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Specialists Continue To Assess B-17 Damage

New video may offer more clues

May 10, 2004 - Damage assessment of EAA's B-17 Aluminum Overcast continues at the Van Nuys Airport in California, where the vintage World War II aircraft suffered a landing gear failure after safely landing there last Wednesday, May 5. The immediate goal is to determine what repairs are necessary to the B-17, which is currently on the Van Nuys ramp awaiting available hangar space.

EAA Museum Director Adam Smith, who has been in close contact with EAA maintenance officials on the scene, said some recently obtained video footage shows the entire incident from approach to touchdown, roll-out, and gear collapse.

"We are using that new video to help us understand exactly what happened," he said. "Our emphasis, naturally, is on the landing gear and discovering why it malfunctioned."

The damage to the Flying Fortress is pretty obvious to anyone who has seen the video or photographs, Smith said. "We are assessing our options. But we don't feel we are finding anything of major concern beyond what is obvious in the photos and video that have been circulating since the incident."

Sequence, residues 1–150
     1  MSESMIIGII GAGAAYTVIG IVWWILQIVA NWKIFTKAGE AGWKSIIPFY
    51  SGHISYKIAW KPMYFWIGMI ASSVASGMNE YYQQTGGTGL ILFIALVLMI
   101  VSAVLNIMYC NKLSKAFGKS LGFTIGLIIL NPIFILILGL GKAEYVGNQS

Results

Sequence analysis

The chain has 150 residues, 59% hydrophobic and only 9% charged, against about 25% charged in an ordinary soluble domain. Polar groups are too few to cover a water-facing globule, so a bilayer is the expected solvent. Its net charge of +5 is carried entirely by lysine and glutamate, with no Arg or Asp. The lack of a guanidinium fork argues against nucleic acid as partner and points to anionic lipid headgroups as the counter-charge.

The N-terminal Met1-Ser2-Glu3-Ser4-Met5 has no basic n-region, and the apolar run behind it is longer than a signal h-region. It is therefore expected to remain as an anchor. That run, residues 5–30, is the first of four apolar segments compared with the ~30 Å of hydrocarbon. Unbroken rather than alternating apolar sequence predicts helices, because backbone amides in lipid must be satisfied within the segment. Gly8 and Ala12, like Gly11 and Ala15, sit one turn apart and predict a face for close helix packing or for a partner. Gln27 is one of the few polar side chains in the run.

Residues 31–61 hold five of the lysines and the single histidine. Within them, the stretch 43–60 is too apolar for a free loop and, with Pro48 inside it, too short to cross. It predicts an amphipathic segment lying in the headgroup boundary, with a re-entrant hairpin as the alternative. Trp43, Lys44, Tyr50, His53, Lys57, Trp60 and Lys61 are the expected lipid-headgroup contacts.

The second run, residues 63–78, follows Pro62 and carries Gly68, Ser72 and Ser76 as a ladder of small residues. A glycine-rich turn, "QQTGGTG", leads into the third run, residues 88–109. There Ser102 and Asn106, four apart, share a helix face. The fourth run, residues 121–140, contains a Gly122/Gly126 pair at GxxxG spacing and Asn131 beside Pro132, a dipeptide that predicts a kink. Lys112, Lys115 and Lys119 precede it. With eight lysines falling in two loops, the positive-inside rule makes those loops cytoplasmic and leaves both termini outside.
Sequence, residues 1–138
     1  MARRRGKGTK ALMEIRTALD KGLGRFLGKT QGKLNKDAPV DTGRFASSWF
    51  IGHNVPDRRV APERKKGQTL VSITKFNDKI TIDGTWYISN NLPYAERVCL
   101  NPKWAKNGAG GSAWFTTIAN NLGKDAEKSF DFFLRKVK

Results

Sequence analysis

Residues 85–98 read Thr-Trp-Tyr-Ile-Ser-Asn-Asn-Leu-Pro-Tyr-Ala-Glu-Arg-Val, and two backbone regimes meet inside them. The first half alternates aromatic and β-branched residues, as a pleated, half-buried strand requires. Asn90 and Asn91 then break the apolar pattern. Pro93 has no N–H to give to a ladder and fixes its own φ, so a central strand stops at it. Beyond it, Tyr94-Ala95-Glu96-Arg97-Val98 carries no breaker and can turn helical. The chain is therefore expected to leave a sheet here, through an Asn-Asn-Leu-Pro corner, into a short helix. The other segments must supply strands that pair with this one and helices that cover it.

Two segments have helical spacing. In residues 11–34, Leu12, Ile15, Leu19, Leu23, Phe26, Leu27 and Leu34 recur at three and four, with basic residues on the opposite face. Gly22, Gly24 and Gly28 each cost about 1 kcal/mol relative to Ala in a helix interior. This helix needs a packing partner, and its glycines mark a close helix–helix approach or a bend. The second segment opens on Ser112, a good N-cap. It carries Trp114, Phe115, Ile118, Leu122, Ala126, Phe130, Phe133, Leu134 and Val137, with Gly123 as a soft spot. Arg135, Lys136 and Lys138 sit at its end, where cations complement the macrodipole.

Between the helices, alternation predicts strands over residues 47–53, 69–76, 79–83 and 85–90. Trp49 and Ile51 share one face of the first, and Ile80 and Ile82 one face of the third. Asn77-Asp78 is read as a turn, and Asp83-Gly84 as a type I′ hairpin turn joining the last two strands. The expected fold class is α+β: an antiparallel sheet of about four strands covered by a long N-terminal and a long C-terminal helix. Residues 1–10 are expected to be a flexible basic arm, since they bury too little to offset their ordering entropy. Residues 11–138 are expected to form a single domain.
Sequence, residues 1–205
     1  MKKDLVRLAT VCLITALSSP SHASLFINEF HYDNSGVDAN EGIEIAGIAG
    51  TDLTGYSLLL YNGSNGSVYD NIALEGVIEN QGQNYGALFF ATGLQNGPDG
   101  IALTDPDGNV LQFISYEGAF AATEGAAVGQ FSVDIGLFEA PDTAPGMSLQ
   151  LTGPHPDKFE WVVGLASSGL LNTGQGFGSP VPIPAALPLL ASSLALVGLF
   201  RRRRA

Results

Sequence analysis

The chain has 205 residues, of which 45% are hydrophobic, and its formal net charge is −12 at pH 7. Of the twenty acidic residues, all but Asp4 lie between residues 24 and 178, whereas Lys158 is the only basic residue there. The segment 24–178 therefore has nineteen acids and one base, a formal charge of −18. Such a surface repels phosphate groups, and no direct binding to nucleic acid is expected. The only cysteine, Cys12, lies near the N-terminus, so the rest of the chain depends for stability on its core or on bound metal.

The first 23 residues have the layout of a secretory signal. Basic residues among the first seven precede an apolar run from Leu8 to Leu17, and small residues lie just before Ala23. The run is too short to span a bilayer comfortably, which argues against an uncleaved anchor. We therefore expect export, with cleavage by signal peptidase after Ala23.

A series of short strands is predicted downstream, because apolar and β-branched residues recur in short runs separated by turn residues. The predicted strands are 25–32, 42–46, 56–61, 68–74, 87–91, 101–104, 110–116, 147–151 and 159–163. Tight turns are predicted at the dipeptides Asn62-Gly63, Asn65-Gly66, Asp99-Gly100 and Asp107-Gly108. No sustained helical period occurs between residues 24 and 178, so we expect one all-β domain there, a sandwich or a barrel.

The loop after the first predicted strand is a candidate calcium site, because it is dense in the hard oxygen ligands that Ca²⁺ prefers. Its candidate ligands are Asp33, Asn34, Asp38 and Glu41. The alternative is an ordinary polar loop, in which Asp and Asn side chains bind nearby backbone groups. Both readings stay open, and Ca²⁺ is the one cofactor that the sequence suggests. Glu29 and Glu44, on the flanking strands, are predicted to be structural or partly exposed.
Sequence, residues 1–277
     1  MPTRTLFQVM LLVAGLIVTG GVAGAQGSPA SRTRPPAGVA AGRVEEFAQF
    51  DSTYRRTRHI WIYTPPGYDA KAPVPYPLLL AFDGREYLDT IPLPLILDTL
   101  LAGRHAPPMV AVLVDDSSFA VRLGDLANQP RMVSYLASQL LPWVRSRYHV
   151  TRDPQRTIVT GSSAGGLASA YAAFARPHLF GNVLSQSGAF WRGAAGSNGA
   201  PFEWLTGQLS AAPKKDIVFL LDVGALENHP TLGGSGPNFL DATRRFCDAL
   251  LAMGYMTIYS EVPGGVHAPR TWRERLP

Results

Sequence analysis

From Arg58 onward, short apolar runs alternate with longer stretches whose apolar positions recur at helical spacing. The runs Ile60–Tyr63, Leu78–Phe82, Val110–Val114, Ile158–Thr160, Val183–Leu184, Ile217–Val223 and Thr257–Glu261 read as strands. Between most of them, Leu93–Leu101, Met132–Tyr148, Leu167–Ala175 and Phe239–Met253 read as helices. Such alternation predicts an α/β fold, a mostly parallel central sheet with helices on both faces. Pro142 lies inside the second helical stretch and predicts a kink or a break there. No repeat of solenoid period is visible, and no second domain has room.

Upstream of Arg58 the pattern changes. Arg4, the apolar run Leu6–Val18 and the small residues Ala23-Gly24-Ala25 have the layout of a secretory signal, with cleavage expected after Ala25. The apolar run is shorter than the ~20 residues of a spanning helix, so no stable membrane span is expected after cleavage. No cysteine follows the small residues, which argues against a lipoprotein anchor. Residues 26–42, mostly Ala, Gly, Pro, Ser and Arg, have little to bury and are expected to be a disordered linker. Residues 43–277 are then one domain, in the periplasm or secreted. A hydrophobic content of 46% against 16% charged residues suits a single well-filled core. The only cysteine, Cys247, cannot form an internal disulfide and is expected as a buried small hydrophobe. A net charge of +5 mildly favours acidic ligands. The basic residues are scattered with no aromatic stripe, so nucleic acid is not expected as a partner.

As expected, there is some propeller damage, with inspections continuing to the airplane's four engines. On the bright side, the damage to the underside of the fuselage was not as heavy as first feared, further cementing the B-17's 60-year reputation as an extremely rugged airframe.

No timeline has been set for completion of the aircraft inspection or repairs.

A number of people have asked whether they can go to the site and see the airplane, but Smith stressed that the site is not publicly accessible. EAA continues to receive calls and e-mails from members and enthusiasts from throughout the country, offering everything from repair assistance on the airplane to monetary donations.

EAA has a long-established B-17 Maintenance Fund that is specifically earmarked for maintenance of the aircraft. To learn more, visit EAA's B-17 website.

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